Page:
UN: showing up & showing off

While some politicians prefer to use the UN as a performance stage, people out on the streets have been demanding action, not words. RT looks at what’s been stoking the anger of protesters.

Every September, the United Nations line-up is the gaze of the world’s media. But the institution created to prevent provocation often ends up causing it. Streets full of angered people, but their anger echoes far beyond the barricades and police officers surrounding hundreds of protesters.

Is the fuss worth it?

Vitriol against Iran’s controversial President Mahmoud Ahmadinejad increased this year, following the fall out from his re-election in June.

But that wasn’t the only frustration for NY residents.

Having the world leaders on your doorsteps brings days of inconvenience – that’s what the New Yorkers have experienced firsthand.

If someone’s not telling you where to go, someone else is watching you get there.

But do those in the Big Apple find it worth tolerating the shortcomings?

“I tend to wonder what really gets done in these,” said one of them.

“It seems like they are constantly talking about the same thing year after year and nothing gets done, so I think it’s a huge expense and a big inconvenience to the city and I’m not sure it accomplishes much”.

Chance to steal the show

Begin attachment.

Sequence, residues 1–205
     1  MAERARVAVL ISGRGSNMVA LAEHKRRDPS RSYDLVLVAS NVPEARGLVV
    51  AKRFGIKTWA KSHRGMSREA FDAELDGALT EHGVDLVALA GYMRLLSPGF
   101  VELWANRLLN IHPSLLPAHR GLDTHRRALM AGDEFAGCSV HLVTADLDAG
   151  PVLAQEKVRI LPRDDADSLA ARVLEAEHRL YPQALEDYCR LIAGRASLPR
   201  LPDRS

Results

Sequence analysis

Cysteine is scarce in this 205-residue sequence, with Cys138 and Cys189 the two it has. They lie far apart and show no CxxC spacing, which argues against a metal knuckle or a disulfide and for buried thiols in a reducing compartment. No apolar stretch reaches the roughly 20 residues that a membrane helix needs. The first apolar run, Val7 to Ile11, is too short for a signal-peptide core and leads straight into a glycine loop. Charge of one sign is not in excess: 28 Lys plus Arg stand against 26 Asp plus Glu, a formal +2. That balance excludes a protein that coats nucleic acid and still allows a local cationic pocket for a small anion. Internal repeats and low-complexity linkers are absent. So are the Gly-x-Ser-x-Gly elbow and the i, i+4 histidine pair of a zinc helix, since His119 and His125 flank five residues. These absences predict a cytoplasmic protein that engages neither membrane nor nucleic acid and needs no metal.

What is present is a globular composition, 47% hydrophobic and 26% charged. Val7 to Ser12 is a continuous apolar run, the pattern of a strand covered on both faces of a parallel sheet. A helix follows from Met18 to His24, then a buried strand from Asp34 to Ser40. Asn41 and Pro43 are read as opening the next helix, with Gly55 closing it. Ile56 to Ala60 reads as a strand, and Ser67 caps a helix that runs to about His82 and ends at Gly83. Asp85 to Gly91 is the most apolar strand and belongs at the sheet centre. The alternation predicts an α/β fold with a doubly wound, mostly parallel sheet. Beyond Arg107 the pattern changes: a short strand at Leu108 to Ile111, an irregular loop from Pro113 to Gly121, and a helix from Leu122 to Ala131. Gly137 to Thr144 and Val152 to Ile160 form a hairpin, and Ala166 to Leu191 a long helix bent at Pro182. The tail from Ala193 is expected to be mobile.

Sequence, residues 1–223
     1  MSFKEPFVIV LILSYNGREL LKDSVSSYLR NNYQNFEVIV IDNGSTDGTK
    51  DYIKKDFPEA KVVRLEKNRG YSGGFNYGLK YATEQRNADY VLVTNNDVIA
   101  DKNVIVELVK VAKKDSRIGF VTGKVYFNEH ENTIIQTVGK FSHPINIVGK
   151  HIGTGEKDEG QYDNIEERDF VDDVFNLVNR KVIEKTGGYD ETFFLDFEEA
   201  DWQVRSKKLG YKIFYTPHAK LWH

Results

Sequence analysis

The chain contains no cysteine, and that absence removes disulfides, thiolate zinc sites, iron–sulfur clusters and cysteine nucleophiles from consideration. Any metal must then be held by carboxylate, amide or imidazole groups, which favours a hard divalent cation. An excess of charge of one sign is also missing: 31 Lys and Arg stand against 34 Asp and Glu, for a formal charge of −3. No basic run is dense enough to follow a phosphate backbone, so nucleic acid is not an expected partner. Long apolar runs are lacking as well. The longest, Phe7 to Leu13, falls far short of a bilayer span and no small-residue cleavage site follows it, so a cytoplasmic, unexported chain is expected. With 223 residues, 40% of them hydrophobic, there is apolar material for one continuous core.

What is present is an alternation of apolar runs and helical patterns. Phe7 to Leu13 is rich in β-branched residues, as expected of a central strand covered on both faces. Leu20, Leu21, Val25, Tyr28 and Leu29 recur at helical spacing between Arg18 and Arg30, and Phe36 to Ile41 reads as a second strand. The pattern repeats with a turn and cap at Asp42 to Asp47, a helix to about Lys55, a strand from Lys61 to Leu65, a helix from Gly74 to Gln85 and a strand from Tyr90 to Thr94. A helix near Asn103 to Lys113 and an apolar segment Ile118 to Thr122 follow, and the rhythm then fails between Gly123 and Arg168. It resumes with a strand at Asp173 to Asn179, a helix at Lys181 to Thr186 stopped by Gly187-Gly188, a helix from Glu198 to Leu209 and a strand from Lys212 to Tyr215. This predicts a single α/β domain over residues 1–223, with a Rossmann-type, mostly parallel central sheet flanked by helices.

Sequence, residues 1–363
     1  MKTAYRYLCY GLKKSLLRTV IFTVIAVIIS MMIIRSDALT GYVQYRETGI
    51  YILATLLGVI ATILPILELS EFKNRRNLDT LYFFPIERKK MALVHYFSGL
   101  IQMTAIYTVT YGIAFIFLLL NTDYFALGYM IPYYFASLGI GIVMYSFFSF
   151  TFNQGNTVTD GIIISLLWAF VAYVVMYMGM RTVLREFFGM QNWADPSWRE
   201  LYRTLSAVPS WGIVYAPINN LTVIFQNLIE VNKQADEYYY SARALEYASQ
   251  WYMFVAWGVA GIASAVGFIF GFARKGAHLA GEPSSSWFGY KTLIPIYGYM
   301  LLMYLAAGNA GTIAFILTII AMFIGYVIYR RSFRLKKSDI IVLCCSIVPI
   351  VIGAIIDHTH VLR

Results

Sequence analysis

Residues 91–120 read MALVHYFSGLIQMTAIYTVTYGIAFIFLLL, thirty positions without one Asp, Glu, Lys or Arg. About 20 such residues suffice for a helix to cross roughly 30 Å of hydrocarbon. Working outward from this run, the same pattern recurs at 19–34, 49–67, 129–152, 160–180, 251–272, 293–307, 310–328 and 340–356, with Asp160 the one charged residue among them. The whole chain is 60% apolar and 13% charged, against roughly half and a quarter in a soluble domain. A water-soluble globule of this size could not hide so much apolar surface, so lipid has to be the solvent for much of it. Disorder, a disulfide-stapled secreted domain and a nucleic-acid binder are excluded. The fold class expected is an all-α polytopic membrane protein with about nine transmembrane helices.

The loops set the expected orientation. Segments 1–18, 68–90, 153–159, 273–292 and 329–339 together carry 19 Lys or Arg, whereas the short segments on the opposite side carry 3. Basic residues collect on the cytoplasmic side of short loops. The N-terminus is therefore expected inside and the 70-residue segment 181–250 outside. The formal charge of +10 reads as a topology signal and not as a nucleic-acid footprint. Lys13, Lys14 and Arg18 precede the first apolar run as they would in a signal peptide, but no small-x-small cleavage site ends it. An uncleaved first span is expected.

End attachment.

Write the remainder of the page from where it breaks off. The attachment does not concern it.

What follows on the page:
This year’s General Assembly kicked off with two leaders making their debuts back to back: a new US president and Libya’s leader of forty years. But their appearances couldn’t have been more different.

“To break the old patterns, to break the cycle of insecurity and despair all of us must say publicly what we would acknowledge in private,” US President Barack Obama stated.

And this was followed by a 96-minute performance by the Libyan leader, Colonel Gaddafi. He railed against the UN, tearing into its charter. He pounded, threw paper and improvised. He referred to Obama as his son before exhausting two translators.

Gaddafi’s rant stole Obama’s headlines, but it was the French First Lady who stole the lenses.

A media frenzy surrounded Carla Bruni-Sarkozy, who used the attention to raise awareness of preventing HIV between mothers and children.

And someone else used to hitting headlines: Venezuelan President Hugo Chavez, the leader who branded George W. Bush as “the Devil” has a bone to pick with the new US Administration.

Similar to the Oscars, the face time for politics and the reaction it stirs is limited.

The party’s over – but what has been really done?

The masses of screaming protestors have abandoned their posts now that most of the star power has flown out of New York City. But the real pioneers are still down on the ground. Several guys sitting in the street for seven days and fasting have tried to raise awareness about Burma.

“It’s not easy, but we have to dedicate to who’s ever [sic] suffering in our country,” said one of the participants.

Their hunger strike followed a nine hundred mile walk from Indiana to New York to highlight the conflict in Burma.

The UN has spent two decades issuing resolution after resolution, and it’s still discussing Burma. But for the participants of the march, talking sharp is no substitute for real action.